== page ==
Estimates project that over 650 million people in the world are without access to clean drinking water. Additionally so, 3.4 million people die from water related disease each year.
That’s why one book may be heralded as a beacon of hope for clean water and its education.
The Drinkable Book is a potentially life changing book that not only serves as an educational tool promoting safe water habits, its pages literally purify water. Made on filter paper with food quality ink as its text, the drinkable book starts as a traditional piece of literature that becomes much more. The pages’ filter page can be torn out and placed inside the book’s filtration system. The filter kills off 99 percent of all bacteria in the water, on par with U.S. tap water. So far, tests in Bangladesh, Ghana and South Africa reveals the book’s potential as the project hopes to expand.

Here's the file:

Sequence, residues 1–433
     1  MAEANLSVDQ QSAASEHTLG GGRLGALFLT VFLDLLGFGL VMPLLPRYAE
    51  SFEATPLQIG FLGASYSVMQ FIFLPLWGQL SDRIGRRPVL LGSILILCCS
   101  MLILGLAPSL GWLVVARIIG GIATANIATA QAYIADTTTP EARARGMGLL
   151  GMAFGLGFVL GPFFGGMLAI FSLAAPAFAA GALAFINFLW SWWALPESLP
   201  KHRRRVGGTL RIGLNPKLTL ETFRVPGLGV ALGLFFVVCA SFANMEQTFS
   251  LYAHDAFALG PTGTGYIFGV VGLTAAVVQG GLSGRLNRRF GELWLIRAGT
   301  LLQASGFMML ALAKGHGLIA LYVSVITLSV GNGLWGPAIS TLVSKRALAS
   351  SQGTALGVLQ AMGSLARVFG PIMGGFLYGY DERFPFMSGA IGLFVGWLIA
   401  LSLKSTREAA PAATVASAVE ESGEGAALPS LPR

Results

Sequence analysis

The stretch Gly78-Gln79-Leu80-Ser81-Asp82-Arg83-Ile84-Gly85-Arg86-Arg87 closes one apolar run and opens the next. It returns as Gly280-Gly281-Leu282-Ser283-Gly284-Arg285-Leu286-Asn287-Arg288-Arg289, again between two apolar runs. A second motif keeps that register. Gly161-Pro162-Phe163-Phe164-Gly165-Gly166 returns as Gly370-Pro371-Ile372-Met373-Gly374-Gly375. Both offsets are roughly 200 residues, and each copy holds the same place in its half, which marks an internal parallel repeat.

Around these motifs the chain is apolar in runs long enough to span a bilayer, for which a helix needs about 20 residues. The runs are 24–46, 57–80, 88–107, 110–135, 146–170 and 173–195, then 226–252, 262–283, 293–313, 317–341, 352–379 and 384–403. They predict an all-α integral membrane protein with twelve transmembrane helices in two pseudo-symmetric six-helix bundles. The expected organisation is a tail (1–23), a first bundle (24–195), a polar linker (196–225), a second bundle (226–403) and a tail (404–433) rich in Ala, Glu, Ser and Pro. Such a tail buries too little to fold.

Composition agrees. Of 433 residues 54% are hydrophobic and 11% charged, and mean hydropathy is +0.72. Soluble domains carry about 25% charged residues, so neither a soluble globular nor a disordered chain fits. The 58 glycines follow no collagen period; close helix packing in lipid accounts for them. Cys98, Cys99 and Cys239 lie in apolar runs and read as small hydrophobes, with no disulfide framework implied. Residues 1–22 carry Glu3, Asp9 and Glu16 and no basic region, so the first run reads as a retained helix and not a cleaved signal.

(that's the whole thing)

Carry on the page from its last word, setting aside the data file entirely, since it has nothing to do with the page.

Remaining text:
The book is the creation of Dr. Teri Dankovich at Carnegie Mellon University.
In just three quick steps, the book is prepared to purify water. Yet, Dr. Dankovich and her team feel the most exciting aspect of the book is its revolutionary potential. At pennies to produce, the book is a cheap solution to a costly issue while each filter can give someone 30 days of water, with each book able to provide four years of clean water.
Though it is far from reaching the masses, The Drinkable Book joins other endeavors like United States President Jimmy Carter’s Guinea Worm Eradication Program as hope for clean water in areas of the world so desperately in need of relief.